Dan Powell of Honest John Vans shares his passing tips.
If your van is properly maintained and in good condition, the MoT shouldn’t pose too many problems, but sometimes all it takes is a little neglect, or lack of preparation, to see your pride and joy fall at the first hurdle.
Honest John Vans has analysed the latest figures from the DVSA – the Government agency responsible for MoTs – to find the most-common causes of MoT failure in the UK. The good news is that most of the problems are minor and easily rectified.
Take a couple of minutes out of your working day to read this failure list, and ask yourself – when did you last make the basic checks to avoid these failure points?
1) Lamps, reflectors and electrical equipment
More than half of all van MoT failures are linked to lighting. That’s why it’s important to check your van’s headlights, brake lights and indicators before taking it in for an MoT. Don’t forget the number plate light, either – a quarter of a million MoT failures are linked to broken or damaged number plate lights every year.
Suspension systems are complex things and have many moving parts, varying from van to van – so it’s no surprise that there’s a relatively high failure rate. A sure sign of worn suspension is knocks and clonks driving over bumps, or a general wallowiness when driving. If you’re unsure of the state of play, get it checked, especially before an MoT.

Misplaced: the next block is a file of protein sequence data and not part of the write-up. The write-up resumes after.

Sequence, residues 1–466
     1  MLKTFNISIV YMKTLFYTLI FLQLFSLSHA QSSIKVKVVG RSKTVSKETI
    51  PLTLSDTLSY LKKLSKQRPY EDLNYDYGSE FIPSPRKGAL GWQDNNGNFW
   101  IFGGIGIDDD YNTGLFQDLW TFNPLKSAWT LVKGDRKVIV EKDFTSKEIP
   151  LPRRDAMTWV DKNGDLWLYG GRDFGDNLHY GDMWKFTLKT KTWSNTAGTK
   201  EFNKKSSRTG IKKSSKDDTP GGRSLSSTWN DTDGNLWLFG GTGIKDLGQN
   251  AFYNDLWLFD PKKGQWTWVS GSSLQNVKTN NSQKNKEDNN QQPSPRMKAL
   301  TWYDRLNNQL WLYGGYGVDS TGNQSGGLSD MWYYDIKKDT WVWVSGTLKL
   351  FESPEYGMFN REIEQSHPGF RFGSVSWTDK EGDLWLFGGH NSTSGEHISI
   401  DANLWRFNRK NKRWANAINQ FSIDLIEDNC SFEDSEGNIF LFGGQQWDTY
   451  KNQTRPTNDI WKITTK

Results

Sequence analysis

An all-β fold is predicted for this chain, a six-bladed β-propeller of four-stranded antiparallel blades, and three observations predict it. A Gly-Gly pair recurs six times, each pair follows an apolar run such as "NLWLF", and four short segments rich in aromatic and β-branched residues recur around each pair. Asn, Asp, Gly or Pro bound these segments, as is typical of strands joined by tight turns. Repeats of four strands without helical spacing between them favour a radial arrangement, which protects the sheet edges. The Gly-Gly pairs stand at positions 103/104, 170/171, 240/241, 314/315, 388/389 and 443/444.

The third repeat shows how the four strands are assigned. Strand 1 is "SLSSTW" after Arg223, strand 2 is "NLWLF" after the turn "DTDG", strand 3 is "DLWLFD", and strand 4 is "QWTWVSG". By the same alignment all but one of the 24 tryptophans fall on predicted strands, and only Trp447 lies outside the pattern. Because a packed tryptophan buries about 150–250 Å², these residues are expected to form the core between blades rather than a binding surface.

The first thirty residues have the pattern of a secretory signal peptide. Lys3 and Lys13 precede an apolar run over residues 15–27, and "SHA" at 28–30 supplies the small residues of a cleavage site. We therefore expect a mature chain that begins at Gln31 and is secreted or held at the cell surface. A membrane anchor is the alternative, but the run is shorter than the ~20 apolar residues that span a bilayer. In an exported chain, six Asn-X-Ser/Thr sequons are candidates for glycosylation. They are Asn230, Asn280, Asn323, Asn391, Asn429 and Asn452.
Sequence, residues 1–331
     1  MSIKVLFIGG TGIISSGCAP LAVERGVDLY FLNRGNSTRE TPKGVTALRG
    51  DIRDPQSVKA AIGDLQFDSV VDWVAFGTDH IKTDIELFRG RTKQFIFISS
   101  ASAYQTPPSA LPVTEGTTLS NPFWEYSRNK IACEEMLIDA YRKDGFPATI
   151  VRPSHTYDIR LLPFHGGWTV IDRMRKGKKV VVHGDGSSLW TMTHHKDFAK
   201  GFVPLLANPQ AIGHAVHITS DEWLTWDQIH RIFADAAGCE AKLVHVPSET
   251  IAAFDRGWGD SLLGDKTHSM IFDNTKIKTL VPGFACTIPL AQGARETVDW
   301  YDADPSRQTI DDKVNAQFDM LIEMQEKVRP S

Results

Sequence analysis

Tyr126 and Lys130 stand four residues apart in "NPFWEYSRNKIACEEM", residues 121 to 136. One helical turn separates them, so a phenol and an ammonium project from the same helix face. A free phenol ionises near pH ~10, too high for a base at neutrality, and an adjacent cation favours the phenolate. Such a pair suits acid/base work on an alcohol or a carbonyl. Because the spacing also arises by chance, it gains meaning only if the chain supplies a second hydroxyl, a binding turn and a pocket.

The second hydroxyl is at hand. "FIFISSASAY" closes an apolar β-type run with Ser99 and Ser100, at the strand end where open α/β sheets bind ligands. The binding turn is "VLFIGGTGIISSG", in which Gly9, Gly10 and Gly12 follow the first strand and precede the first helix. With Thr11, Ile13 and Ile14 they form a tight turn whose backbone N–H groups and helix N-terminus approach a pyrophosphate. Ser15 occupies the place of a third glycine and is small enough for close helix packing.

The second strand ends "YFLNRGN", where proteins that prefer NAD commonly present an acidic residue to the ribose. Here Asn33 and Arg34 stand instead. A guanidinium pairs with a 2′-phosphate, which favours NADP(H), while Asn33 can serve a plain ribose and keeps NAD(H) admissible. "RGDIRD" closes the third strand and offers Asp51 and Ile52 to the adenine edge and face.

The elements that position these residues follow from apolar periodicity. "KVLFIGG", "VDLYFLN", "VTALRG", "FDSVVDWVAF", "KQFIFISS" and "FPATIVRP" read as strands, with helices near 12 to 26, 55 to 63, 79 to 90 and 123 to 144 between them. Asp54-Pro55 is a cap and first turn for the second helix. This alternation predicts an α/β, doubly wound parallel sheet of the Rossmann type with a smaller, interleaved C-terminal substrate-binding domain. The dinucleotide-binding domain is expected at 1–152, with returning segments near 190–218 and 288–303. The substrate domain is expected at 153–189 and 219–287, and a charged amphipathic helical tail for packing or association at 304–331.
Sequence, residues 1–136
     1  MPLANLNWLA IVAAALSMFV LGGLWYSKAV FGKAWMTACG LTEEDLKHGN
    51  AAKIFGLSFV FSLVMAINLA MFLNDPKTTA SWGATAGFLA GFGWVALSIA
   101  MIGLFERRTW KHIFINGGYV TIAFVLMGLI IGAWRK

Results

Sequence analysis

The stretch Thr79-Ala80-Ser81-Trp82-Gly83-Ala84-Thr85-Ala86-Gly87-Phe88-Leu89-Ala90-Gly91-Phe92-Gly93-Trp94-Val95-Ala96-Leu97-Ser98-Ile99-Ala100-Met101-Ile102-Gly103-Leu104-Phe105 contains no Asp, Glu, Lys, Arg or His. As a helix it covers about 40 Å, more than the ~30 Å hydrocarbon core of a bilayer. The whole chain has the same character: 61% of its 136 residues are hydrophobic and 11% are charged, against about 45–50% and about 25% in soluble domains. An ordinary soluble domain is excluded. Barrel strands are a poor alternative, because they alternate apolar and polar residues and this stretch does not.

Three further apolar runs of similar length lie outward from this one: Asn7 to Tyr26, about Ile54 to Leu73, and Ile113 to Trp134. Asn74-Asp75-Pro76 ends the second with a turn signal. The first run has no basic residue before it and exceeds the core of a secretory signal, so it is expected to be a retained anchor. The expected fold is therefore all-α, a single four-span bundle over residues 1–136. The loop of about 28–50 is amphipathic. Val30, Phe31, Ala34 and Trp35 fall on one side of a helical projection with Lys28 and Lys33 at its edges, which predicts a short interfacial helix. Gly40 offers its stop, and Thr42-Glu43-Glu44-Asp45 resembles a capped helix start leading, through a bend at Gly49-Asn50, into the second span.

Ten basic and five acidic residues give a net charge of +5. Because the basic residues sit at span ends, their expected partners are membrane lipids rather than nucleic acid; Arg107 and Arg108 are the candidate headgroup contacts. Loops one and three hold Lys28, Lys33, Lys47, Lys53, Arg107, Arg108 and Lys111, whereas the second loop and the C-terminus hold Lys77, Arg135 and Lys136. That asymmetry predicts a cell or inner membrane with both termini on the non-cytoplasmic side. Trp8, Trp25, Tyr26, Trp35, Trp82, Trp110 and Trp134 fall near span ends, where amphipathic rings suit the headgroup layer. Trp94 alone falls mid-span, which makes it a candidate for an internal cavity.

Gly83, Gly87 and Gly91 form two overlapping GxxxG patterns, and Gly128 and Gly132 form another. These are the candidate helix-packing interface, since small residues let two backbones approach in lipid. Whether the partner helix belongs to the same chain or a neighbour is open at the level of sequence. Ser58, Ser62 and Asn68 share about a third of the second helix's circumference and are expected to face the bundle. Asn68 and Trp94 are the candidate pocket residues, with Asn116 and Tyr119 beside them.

Did you know a third of all vans will fail the MoT because the brakes are dangerously worn or defective? Again, like suspension issues, the tell-tale signs are usually easy to spot, with a spongy pedal feel and/or vibrations being an indication that something is wrong. A worn brake pad is generally an affordable fix. However, if left to fester, it may cause costly damage to the discs or entire brake system. If in doubt, get it checked.
4) Drivers view of the road
A quarter of a million vans fail at the MoT because the driver cannot see the road properly. It’s a shocking statistic. But one that’s usually trivial and cheap to sort out. The main problem is that wipers deteriorate over time and it’s not always obvious they’re past their best. Next time it rains, look for water smearing on the glass – if it does, then get them changed.
Tyres are essential to your safety, and it’s worrying that so many vans fail on this basic test. The UK minimum tread depth is 1.6mm, and many safety organisations will tell you that 3mm should be the minimum given the drop off in performance of worn out tyres, especially in the wet. Most tyres have a wear bar in the pattern that makes it easy to see where the legal limit lies. Make sure you check the sidewalls for dents or bulges – both indicate internal damage to the tyre.
Honest John’s MoT Tip
Due to the Covid-19 pandemic, millions of van owners were given a six-month MoT extension from 30 March to 1 August. As a result, MoT test centres are now becoming increasingly busy as these extensions end. Don’t leave your MoT until the last minute. Book it in early to avoid potential delays as garages become fully booked.
For more information Honest John Vans www.rdr.link